Saturday, November 21, 2009


I wrote the word "Gratitude" on the board yesterday as a reminder to my students and to myself that if we hold that, and compassion, in our hearts, that is as good a place as any to start with managing all the rest of our tumultuous feelings.

This year has been a difficult one, in many ways. I heard the phrase "stroke survivor" applied to me for the first time and my neurologist enrolled me in a clinical trial for folks who had a stroke and recovered without long lasting effects. Last Friday she showed me the spot on my MRI that indicated the stroke. She pointed out that scar tissue had formed and so this event probably happened several years ago. As an athlete, this wasn't a label I thought I would be wearing at 45 but I am grateful. With the dx of stroke, the Mass General PFO closure committee, which meets every Wednesday, voted to approve the operation to close my PFO. This will decrease my chances of having another stroke in the future. I am grateful to have access to the best medical care in the world, and to have insurance that will (hopefully) cover this procedure.

As I have written about lately, I am grateful for my family and friends, all rock-solid at a time when I feel vulnerable and needy....two states with which I am neither familiar nor comfortable.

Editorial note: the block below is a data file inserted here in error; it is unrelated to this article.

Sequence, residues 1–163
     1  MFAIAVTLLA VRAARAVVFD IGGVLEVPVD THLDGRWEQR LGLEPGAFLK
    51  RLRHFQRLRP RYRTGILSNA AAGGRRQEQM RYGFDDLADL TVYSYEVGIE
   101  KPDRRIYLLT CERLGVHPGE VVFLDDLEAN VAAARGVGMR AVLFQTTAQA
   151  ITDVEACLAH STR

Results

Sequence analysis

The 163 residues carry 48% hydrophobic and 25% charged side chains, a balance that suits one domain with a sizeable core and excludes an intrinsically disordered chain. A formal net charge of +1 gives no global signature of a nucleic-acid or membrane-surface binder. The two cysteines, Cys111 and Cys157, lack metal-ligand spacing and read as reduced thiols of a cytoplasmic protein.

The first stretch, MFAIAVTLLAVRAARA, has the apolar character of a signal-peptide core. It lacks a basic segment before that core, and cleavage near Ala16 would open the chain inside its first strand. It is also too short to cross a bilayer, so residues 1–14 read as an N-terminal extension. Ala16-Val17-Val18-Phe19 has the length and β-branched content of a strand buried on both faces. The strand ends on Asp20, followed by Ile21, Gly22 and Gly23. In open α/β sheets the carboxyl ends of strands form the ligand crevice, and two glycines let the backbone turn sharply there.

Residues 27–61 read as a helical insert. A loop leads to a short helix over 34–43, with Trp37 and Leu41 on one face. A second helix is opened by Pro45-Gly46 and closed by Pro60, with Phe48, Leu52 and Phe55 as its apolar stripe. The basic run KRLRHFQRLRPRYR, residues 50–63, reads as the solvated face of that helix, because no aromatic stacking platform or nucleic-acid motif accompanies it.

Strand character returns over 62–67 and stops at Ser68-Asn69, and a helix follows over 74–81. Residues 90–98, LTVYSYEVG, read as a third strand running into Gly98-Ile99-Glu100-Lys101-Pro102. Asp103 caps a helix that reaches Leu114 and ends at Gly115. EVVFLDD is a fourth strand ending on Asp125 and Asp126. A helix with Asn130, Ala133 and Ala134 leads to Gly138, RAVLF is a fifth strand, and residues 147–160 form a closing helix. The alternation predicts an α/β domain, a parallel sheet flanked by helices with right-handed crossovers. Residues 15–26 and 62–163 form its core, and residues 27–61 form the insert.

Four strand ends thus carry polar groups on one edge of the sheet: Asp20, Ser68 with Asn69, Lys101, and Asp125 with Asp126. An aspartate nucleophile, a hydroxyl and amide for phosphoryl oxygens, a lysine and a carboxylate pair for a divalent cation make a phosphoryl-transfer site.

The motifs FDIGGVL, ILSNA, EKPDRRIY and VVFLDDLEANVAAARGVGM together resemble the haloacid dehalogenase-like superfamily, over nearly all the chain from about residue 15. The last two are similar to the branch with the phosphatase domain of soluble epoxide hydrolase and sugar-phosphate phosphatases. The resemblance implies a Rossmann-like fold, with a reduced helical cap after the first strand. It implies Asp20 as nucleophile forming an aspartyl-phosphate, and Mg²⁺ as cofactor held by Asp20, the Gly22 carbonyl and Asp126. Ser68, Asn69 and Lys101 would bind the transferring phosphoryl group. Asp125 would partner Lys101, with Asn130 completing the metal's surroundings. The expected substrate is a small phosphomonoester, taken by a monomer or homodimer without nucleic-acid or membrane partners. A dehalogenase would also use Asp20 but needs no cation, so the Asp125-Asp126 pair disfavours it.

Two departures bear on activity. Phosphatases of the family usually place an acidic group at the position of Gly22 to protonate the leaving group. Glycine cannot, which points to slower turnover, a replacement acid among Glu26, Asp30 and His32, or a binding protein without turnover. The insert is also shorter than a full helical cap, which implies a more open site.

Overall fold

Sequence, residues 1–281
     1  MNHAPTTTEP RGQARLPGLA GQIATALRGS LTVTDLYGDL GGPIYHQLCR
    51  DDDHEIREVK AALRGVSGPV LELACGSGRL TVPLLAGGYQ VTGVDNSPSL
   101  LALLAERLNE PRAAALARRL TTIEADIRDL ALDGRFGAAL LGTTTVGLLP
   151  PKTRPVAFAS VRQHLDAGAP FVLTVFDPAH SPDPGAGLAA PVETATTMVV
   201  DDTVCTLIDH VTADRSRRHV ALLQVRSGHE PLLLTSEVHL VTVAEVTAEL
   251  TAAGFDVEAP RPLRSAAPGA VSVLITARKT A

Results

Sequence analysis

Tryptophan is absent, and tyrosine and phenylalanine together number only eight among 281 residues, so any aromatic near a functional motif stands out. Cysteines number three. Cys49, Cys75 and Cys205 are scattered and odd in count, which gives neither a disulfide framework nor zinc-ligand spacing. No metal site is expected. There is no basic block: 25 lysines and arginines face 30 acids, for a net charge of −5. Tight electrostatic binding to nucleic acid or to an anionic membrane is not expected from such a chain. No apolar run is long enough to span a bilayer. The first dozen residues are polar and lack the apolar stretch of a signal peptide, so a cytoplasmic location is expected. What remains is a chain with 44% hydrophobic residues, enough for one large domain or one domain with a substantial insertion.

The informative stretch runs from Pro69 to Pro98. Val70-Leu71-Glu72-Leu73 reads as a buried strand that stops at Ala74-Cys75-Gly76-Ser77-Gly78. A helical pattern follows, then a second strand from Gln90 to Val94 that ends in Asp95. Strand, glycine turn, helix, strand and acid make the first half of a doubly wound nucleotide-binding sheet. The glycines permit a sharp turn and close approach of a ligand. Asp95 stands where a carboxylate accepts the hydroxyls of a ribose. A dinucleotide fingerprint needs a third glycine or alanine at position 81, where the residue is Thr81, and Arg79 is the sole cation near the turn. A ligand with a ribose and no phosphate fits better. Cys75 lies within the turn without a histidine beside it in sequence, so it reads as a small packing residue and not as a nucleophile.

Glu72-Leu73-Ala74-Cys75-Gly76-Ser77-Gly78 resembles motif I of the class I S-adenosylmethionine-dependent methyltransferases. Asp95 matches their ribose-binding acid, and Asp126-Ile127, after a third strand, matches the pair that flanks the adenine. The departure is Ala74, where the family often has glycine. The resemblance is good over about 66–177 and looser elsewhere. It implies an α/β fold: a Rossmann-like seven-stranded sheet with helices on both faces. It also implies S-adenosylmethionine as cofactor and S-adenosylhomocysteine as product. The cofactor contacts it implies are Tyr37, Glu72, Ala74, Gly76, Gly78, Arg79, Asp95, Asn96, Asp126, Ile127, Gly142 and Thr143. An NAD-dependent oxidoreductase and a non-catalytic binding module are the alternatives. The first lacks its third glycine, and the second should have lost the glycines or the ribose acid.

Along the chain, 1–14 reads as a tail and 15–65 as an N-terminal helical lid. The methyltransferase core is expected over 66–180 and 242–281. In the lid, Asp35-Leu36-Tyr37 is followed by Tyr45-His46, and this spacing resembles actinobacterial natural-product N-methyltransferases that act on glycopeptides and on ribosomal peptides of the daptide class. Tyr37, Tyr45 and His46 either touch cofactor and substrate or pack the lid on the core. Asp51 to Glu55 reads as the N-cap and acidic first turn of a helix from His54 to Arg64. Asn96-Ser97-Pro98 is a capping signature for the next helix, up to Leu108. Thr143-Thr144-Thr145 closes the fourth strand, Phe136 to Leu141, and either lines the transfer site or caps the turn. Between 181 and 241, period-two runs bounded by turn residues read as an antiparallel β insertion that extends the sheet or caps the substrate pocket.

I am grateful for my church and my spiritual beliefs. The first noble truth in Buddhist belief is that life is suffering and the underlying given is that as unenlightened beings, we are out of balance. Most of us are unaware of this but at moments, you get to lean into the sharp points. These clarifying moments allow you to drop what is superficial and expand your soul, I think.

I am grateful for the role of creativity, poetry, and art in my life. I am just finishing a biography of Anne Morrow Lindbergh, married to Charles Lindbergh and survivor of the kidnapping and murder of her first born son. She wrote this:

I keep realizing all the time that suffering isn't enough for true learning, for true understanding, for true vision...I used to think 'one learns by suffering'...One doesn't, though. One learns thorough suffering and beauty. One alone won't do it. You've got to have both..You must remain open--vulnerable."

Finally, I am so very grateful for the people who take the time and energy and read my blog. This online community has allowed me the space to write things I can't say, and therefore has allowed me to stay open. Love to you all!

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